Pakistan look to bounce back

2013-02-13 16:35

Pakistan coach Dav Whatmore said he expected his team to bounce back from their 211-run first test defeat to the Proteas inside four days.

It would be difficult for any team to bounce back from the first innings mauling Pakistan suffered but Whatmore said there were lessons taken from the second day during which they were skittled for 49 in less than a session.

“There are reasons for everything that happened. You can’t win a test match in a session of play but you can go a long way towards losing one in a session and that is what happened on the second morning. We’re keen to bounce back,” Whatmore said.

“It’s never nice to lose a game, especially when this team has been together. In this format of the game the players representing Pakistan have been more consistent than in any other format.”

Whatmore was coy to reveal whether beanpole-fast bowler Irfan would make his test debut on Thursday but said he was impressed with his showing in the practice match against the Emerging Cape Cobras at the Wally Wilson Oval.

Irfan had match figures of 7/40 in a 10-wicket win and Whatmore hinted at one or two changes for the game, but said that was dependent on the wicket.

Openers Nasir Jamshed and Mohammad Hafeez missed the tour game owing to injury and sickness.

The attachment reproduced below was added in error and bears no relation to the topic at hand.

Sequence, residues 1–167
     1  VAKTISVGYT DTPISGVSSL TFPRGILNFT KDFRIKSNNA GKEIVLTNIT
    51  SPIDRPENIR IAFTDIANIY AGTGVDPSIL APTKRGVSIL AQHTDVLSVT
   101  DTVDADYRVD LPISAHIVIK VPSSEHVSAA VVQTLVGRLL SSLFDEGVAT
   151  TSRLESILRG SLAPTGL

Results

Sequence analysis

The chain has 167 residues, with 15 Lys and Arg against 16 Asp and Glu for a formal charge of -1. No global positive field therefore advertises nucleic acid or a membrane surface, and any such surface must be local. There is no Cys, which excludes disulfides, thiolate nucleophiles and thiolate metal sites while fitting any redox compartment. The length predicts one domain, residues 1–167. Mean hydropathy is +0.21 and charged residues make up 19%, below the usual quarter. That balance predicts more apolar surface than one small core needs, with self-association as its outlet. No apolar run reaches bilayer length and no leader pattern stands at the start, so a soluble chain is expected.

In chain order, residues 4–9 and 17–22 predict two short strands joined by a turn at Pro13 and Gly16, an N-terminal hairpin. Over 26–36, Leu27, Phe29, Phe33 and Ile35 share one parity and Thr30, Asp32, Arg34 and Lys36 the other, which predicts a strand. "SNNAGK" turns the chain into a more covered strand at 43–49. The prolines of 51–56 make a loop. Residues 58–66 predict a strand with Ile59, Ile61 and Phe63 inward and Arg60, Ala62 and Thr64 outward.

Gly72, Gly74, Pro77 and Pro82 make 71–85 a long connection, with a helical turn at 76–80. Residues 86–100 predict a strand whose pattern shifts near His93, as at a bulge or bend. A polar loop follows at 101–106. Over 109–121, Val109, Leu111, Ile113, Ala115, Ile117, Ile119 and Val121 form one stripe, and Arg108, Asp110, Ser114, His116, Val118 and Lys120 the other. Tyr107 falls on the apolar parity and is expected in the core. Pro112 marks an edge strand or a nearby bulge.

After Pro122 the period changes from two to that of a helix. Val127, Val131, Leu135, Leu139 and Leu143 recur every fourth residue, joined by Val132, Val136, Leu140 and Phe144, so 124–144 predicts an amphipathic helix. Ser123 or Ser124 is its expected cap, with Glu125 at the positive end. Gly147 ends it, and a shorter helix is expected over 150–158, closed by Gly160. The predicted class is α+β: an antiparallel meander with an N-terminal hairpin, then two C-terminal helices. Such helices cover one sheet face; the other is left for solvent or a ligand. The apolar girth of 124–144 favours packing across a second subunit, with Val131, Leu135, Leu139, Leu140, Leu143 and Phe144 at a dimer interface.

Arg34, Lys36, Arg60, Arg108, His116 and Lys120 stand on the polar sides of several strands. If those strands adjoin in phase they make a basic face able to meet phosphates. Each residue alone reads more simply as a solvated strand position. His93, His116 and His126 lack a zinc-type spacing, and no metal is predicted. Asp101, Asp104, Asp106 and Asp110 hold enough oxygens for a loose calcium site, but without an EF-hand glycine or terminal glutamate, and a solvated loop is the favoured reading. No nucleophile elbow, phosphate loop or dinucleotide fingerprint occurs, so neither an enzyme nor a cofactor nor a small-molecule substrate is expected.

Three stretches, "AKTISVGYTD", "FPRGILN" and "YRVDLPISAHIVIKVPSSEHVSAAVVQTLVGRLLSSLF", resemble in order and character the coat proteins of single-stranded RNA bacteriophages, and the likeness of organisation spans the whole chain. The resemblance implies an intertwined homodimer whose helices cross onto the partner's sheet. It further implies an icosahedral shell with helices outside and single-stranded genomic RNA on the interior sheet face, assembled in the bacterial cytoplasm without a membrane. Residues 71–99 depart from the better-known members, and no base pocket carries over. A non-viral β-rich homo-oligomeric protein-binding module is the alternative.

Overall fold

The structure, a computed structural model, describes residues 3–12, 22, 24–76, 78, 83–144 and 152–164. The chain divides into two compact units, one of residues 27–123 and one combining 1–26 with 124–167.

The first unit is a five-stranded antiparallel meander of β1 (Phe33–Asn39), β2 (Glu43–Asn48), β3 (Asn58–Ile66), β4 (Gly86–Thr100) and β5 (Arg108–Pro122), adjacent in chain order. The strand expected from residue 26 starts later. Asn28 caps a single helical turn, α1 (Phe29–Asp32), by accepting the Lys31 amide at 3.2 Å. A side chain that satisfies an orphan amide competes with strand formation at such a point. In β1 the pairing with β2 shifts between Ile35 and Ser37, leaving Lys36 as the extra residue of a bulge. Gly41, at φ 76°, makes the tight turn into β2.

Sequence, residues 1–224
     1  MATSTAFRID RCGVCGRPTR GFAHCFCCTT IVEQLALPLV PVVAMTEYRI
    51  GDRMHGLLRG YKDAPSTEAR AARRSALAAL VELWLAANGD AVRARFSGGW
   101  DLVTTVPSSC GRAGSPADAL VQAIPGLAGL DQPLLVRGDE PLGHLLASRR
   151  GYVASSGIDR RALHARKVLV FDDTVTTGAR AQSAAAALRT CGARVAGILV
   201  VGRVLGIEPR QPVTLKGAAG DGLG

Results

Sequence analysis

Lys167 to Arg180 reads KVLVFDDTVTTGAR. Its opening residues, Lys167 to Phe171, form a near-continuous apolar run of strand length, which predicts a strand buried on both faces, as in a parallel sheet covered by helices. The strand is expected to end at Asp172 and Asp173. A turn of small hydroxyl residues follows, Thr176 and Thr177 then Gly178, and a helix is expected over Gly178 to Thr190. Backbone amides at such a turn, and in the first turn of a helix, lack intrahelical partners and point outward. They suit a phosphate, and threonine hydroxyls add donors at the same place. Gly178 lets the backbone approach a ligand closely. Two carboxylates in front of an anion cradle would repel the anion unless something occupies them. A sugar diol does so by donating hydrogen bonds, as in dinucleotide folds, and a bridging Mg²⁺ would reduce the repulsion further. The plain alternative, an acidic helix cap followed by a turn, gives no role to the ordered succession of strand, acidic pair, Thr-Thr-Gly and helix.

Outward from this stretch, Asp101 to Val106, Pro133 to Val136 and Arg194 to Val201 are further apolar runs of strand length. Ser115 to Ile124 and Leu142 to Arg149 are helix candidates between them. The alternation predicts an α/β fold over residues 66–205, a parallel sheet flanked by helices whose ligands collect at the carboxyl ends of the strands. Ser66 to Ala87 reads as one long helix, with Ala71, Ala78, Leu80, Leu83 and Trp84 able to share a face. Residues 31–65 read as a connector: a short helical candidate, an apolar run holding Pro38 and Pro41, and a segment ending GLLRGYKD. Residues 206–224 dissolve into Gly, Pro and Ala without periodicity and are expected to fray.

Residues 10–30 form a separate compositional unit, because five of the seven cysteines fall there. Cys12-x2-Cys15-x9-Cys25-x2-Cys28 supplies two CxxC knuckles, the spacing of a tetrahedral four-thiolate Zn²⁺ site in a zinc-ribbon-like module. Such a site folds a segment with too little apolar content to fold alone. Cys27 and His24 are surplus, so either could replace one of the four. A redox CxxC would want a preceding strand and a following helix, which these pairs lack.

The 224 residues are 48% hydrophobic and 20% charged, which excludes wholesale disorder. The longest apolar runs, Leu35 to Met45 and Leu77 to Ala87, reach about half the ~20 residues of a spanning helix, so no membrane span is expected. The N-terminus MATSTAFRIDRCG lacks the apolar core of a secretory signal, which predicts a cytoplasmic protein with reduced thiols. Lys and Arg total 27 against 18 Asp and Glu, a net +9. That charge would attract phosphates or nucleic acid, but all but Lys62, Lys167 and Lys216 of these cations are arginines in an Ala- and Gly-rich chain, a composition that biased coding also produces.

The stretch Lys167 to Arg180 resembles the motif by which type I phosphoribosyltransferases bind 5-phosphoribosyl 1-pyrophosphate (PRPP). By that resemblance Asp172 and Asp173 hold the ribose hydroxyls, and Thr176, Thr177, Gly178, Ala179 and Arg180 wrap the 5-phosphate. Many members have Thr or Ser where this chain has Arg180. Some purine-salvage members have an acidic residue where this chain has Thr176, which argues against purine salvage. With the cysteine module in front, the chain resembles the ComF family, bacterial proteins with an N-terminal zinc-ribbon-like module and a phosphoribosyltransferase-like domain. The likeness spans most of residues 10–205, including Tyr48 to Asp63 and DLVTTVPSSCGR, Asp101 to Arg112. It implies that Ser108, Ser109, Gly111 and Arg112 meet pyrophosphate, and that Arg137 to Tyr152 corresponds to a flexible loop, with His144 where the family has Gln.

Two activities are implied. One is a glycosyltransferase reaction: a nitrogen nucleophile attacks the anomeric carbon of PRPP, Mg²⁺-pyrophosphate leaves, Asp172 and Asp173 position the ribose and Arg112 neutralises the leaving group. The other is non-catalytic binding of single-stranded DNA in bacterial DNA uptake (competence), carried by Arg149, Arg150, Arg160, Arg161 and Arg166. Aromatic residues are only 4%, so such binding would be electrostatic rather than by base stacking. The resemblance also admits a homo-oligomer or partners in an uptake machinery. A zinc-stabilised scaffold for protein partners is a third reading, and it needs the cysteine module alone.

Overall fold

“He’s pushing. He had a good practice match for us along with Tanvir Ahmed, who also impressed. Irfan has done as much as he could do to get a game and if he does he would have earned it, Whatmore said

“A fit Irfan bowling well would always be a threat to the opposition. It will be his first game if he plays so it will be a big occasion for him and he’ll need to absorb the pressure against some good batsmen. It’s nice to have him on your side though.”

There was a flutter of resistance in Pakistan’s second innings in the first test.

Whitmore said the more a team spends time in conditions the more they get accustomed to them. He said, though, it was up to the batsmen’s judgement to make the lessons of the first test count.

“Shot selection is the main thing with any batsman, being able to assess length and direction and make a decision. With 90-100 correct decisions you are going to make a lot of runs but once you start making incorrect decisions then you have a bit of a problem,” Whatmore said.

“Given the change in conditions we are facing here as compared to Pakistan, it is a challenge and we are getting used to it. The longer we play in these conditions the better you will get. We’ve tried to practice the things we need to do.”

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